OKLAHOMA CITY (KFOR) – Is crime on the rise in Oklahoma?

The FBI recently released its annual crime report, which typically depicts crime trends in each state.

The full report:

The report includes detailed information on crimes that were reported in the previous year across the country, an overall analysis of crime, and a breakdown of data for major crime offenses.

However, for 2021 reporting, the agency changed its crime reporting system, and some experts said it could reflect an incomplete picture for addressing crime across the country; the agency now uses the National Incident-Based Reporting System, or NIBRS for crime data.

An analysis of the system from The Brennan Center suggests several changes to common understanding of reported crime trends.

Read more about the changes here.

One Oklahoma expert said on average, while crime rates in Oklahoma are higher per capita than averages in the rest of the U.S., there are several factors to consider.

“From [the year] 2000 forward, crime levels in Oklahoma are proportionately higher than those in the rest of the United States [so] the short answer is yes, crime is rising. The degree to which it is rising depends on which piece of data you’re looking at,” said David McLeod, Ph.D., current Associate Director of the Anne and Henry Zarrow School of Social Work at the University of Oklahoma, and a former police detective.

“Statistically percentages of crime are higher in Oklahoma than they are around the country [and] the new system shows over 15,000 violent crimes in Oklahoma for 2021, whereas if we look at the data system from 2020, it’s like 8,700 violent crimes,” he added.

“So do I think that we have that big of a jump [in] one year? Probably not,” he added. “The degree to which it’s rising depends on which piece of data you’re looking at.”

McLeod said while crime numbers in Oklahoma may appear to be above national averages, they may not present a comprehensive picture of the current crime landscape in the state; rather, a “constellation” of factors could be contributors.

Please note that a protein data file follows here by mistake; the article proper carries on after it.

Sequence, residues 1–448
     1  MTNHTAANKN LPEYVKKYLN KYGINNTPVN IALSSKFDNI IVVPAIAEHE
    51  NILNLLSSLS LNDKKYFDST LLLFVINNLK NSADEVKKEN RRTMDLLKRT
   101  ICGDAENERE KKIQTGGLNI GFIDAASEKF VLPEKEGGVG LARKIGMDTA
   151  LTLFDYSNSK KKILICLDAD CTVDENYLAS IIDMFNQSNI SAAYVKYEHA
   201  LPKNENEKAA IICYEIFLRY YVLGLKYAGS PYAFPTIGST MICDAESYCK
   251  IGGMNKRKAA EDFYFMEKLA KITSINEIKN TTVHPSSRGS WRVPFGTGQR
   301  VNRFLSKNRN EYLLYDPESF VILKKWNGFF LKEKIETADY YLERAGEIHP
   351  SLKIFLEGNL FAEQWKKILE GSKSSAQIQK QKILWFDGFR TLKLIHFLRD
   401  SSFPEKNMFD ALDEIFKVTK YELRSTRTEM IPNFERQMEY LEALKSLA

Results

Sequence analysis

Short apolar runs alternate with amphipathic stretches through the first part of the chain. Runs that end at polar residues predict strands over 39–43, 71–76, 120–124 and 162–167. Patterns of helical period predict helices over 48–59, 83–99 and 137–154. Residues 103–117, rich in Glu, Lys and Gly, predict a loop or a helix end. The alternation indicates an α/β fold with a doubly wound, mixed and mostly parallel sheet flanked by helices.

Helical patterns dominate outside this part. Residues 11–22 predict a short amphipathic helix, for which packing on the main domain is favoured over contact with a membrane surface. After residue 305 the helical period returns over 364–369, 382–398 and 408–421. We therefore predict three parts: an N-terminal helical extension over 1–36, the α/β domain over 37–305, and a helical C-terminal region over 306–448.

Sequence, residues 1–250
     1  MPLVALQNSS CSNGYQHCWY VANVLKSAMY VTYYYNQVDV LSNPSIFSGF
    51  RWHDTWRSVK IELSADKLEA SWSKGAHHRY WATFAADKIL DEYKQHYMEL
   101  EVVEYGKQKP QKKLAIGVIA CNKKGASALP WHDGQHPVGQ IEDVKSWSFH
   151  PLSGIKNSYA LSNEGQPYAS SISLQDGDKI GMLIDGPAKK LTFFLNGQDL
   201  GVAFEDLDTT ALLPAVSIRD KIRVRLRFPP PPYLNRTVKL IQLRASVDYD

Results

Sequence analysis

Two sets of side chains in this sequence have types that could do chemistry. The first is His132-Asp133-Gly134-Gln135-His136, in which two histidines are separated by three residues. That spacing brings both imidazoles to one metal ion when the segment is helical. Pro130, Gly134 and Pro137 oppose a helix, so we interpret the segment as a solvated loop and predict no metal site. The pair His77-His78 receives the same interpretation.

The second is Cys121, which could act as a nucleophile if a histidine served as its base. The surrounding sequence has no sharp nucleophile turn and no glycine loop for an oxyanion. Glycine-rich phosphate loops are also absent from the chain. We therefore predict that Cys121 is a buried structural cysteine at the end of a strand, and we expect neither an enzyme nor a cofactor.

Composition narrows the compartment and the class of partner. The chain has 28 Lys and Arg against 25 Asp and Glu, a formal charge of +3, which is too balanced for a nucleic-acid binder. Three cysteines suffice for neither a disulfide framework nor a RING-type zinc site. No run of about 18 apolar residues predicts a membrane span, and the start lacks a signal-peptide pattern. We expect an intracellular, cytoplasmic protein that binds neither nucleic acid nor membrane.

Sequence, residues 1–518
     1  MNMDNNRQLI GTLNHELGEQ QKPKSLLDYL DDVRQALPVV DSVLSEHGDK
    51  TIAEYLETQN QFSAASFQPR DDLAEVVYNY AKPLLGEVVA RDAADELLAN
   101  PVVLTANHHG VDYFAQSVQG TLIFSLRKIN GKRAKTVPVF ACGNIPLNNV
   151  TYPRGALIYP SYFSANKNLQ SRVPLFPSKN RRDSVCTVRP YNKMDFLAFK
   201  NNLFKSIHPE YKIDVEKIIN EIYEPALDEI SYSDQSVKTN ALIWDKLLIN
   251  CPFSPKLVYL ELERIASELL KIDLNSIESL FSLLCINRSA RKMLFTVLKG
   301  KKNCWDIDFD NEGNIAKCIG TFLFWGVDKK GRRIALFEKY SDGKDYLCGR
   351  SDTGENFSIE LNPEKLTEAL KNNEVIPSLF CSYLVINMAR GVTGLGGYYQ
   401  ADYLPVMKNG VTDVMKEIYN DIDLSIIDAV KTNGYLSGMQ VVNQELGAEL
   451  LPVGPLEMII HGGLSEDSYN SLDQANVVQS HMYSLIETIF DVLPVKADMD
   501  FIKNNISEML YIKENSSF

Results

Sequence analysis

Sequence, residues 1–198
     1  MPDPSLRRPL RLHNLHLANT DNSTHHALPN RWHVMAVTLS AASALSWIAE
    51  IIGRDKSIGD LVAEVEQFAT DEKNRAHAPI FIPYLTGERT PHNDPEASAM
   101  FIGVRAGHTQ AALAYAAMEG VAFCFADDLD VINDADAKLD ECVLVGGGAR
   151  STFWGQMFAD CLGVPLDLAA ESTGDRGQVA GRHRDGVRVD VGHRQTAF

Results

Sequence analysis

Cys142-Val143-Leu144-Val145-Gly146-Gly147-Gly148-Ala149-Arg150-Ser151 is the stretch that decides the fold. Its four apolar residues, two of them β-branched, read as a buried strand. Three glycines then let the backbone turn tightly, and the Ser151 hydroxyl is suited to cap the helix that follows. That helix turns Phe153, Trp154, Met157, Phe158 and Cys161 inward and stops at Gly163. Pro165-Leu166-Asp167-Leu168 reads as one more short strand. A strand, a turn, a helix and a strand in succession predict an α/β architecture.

“We know that economy, poverty, all kinds of different things play a role in there. And I think it’s kind of it’s more like that perfect storm kind of situation,” he said, adding that all of those components that contribute to crime are felt with more intensity in Oklahoma.

“Until we address as a state a lot of these other factors, it will be really tough to bring our crime numbers into kind of a more moderate space that would be aligned with the rest of the country,” he continued.

“We know that people commit criminal behavior when they’ve become high on despair [and] low on hope, when their trauma is high, when they’ve faced extensive adversity in life,” he said.

“It’s not just about throwing people in jail because we’ve tried that,” added McLeod.

“We’re still in the top two or three in incarceration of men. So that’s not part of the answer. There’s got to be other things. I think expansion of mental health services, expansion of substance abuse treatment, and I actually told some folks earlier today, I really believe the investment in education, particularly K-12, education and youth and child development is the best bang for the buck payoff,” he continued.

“If we want to actually change, change these trends we want to create young people who are resilient and able to be in control of their lives and can push back against some of these other negative things that they’re trying to deal with here in Oklahoma.”